2020 Impact Wrap-up

2020 Impact Wrap-up

Hello out there!


We feel very grateful as we reflect on this (particularly crazy) year and what we’ve been able to achieve together with you - our community. Here's our impact wrap up for 2020.


Licensing payments

This year saw us make over $82,000 in licensing payments to remote Aboriginal artists ($82,678 to be exact!), bringing our total licensing payments to just over $403,000 since 2017. That is nearly half a million dollars - hopefully we can achieve that milestone by the end of 2021!

Keturah Zimran with her Puli Puli design which was licensed to Magpie Goose for production on fabric through Ikuntji Artists; Magnolia Maymuru in Keturah's design at the DAAF fashion show (a career highlight for Keturah!)

Modelling and photography

In a year that prevented travel and gatherings, we got creative with our photography + marketing, sending outfits and briefs to talented photographers and models around the country! We commissioned four photoshoots with different Aboriginal businesses and made over $7,500 of payments to Aboriginal models and photographers: Wayila Creative (Aug 2020), Barefoot Wandering (Aug 2020), Ikuntji Artists (Nov 2020) and the Kalumburu Photography Collective (Oct 2020). We loved being able to feature the gorgeous faces of 15 emerging Aboriginal models!

Top left: models Shaz Mercy + Victoire Nyuiemedi Lokpo, photo- Wayila Creative; Right: Models Jessica Mercy + Kirralee Faulkner. Photo - Barefoot Wandering Photography; Below: Maria Fredericks of the Kalumburu Photography Collective; Left: Sheraldeen + Lornie model for Ikuntji Artists


2020 saw the launch of our ongoing accessories collection with Second Stitch, a refugee and asylum seeker textile enterprise in Melbourne. It really helped keep our spirits high in the height of lockdown, and our dog Chappy relished the opportunity to be the face of the new Magpie Goose dogkerchiefs. The accessories - including bumbags, scrunchies, baby bibs, facemasks and headbands - were designed by the talented women of Second Stitch, and are produced with the offcuts from our clothing collections.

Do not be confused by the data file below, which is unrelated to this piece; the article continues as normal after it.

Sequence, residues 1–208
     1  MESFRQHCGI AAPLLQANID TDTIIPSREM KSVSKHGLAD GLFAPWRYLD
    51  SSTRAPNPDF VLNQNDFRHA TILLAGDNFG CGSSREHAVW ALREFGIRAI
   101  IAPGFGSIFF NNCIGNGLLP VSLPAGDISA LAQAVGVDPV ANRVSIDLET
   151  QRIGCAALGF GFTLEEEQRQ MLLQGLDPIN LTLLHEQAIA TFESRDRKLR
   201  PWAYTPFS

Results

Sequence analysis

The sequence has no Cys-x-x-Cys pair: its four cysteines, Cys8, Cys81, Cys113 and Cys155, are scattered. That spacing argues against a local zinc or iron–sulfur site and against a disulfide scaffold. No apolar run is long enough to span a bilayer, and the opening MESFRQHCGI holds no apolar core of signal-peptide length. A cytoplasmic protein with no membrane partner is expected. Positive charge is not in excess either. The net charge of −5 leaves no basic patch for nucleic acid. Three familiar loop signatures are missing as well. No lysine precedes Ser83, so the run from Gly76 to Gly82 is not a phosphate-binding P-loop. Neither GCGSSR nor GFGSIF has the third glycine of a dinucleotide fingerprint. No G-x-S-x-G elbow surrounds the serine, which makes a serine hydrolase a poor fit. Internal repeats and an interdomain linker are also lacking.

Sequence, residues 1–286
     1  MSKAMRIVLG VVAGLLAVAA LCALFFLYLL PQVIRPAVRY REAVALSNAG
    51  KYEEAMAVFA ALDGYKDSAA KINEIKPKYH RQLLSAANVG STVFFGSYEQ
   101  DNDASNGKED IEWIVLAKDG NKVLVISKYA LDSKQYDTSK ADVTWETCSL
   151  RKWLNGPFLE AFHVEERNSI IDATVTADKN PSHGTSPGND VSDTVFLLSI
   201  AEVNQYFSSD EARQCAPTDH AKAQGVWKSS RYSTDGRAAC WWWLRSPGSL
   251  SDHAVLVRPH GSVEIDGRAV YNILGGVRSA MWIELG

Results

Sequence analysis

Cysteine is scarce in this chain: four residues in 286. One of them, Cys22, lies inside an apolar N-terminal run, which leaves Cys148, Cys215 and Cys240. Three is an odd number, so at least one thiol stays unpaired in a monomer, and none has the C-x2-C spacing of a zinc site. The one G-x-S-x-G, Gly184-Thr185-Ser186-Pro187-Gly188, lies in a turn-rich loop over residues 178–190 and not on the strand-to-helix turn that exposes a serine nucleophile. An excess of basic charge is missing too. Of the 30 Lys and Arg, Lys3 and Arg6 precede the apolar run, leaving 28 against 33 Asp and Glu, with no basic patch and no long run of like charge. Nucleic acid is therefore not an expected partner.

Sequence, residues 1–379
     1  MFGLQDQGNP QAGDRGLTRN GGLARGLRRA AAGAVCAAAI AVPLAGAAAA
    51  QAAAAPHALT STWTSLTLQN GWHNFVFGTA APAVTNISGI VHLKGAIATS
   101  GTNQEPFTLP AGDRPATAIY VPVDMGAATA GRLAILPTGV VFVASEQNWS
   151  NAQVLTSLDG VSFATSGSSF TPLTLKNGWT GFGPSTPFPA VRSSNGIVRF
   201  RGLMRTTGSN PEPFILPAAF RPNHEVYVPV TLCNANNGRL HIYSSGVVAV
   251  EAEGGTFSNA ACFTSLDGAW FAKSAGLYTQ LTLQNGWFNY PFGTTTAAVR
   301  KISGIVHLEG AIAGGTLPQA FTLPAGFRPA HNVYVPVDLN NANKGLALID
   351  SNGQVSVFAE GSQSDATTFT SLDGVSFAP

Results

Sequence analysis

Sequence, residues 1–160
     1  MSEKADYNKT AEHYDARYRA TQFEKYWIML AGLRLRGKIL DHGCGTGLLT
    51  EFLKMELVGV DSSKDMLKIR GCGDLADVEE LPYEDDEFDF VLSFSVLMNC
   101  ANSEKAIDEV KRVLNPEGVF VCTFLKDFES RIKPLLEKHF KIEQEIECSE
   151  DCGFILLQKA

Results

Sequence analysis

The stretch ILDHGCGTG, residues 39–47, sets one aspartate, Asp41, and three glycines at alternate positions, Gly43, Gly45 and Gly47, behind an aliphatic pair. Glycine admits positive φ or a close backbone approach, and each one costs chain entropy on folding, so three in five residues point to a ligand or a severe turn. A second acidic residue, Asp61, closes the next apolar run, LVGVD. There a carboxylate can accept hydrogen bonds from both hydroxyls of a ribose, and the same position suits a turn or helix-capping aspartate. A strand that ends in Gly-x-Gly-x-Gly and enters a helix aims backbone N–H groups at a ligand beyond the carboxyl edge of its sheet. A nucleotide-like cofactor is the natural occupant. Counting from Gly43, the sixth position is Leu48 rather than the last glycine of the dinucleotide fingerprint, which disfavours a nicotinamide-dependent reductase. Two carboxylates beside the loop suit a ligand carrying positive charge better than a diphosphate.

We continued to work with our dream team in Sydney: printing specialists Publisher Textiles, our manufacturers Sphinx Australia; our pattern maker Gina Baby, who helped us to develop some new styles to add to our collection; and our Newcastle based Creative Whiz Millie Shorter!

Sophita sewing face masks; Yan with completed masks; Rameeza cutting fabric offcuts; Suraya ironing masks.

Pop ups + Stockists

It was a very quiet year for pop ups due to Covid19, but in March just before lockdown we were able to throw a couple of events with our stockists - Lulu & Daw in Darwin and Yardsale Trading Co in Newcastle. We’re so grateful to them, and our Brisbane stockist Open House Collective, for continuing to showcase Magpie Goose clothing in their stores!


Like everyone we missed meeting new people this year. So we were thrilled to be invited to facilitate an earrings workshop with the Albury Wodonga Aboriginal Women’s Circle in Albury in September. We loved making new connections and floating ideas for future collaborations - thanks to the staff at AWAHS for helping to make this happen.